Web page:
I recently visited Tucson, Arizona, determined that in between all the meetings and planning sessions and other work-related chores I would track down and sample carne seca, which, by all accounts, is one of Tucson's unique delicacies.
It turned out to be harder than I expected. My colleagues were all up for a big Mexican meal our first night in town, good Mexican food being something that's hard to come by on the South Carolina coast, so I spent some quality time on the web and came up with a list of likely restaurants near our hotel. And, we seemed in luck: there were at least 3 highly-recommended Mexcian spots only a mile or two away, and all of them offered carne seca on their menus.
A word of warning about Mexican restaurants in Tucson. Most of them--the good ones anyway--are closed on Mondays. We learned this the hard way as we drove to each of the three recommended restaurants in succession and found their parking lots empty and all the lights off. We settled for a touristy-looking Mexican spot that was open but otherwise had nothing going for it. The lackluster menu was devoid of carne seca, and even the margaritas were awful, ruined by the high fructose corn syrup of a bad prepackaged mix.
The next morning, our client asked us, "So, do you like Mexican food? There's a pretty good place just a few blocks from here." I figured my colleagues would lobby for something else, since we'd just had Mexcan the night before, and it was pretty crappy Mexican, at that. So, I jumped in with a loud "yes" before they could say anything. I feared it was going to be another tacos-and-bottled salsa joint. It wasn't. It was really good, starting with the hot, smoky salsa that awaited us on the table. And carne seca featured prominently on the menu.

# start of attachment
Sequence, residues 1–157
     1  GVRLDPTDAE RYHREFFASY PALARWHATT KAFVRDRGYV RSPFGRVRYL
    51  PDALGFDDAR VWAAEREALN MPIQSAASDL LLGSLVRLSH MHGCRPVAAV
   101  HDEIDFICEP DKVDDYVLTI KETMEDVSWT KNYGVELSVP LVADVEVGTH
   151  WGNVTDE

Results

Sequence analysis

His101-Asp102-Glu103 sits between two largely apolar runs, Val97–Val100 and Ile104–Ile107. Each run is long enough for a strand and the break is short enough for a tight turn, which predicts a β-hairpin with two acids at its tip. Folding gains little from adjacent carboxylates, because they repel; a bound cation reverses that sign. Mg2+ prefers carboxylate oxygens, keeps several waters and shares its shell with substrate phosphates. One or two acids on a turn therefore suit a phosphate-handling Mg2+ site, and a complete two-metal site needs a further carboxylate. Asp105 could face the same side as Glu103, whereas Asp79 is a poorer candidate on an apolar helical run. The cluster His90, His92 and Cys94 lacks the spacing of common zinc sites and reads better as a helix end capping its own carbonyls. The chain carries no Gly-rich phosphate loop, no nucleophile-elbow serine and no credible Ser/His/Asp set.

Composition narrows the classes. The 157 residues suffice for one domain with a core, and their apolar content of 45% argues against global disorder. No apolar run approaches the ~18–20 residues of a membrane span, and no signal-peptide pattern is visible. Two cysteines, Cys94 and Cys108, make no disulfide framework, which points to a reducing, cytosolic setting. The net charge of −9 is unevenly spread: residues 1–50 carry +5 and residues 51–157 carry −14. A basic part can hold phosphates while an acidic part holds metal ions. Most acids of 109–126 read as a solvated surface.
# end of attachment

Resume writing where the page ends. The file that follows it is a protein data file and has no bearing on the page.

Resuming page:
Carne Seca (literally, "dried beef" in Spanish) is made from strips of flank steak that are marinated in lime juice, dried in the open air, then shredded and browned in vegetable oil along with chiles, onions, and tomatoes. At El Charro, one of Tucson's oldest Mexican restaurants, the marinated beef is placed in wire cages and dried in the sun on the roof of the restaurant (see a photo here).
I'm not sure if sun-on-the-roof is how it is done at Casa Molina, where we ate lunch, but the beef was definitely marinated and dried, and it had a potent effect on the flavor. I ordered a carne seca burrito "enchilada style" (with a savory red chile sauce over the top), and the the filling had a wonderful aged flavor that many would find too strong. Indeed, not knowing exactly what to expect, I was surprised by how pungent the flavor was. After a few bites, though, the strong taste began to grow on me. Halfway through I was absolutely stuffed, but I couldn't stop. I pulled the meat from the second half of the burrito and ate it all.
Surprisingly, in a world teeming with books that trace the historical roots of virtually every obscure dish, and food blogs where tens of thousands of recreational eaters delve into every nook and cranny of food trivial, there seems to be very little written about carne seca apart from a few newspaper reviews of Tucson restaurants. But, I've had it once and I'm hooked. Now I just need an excuse to go back to perform more "research".
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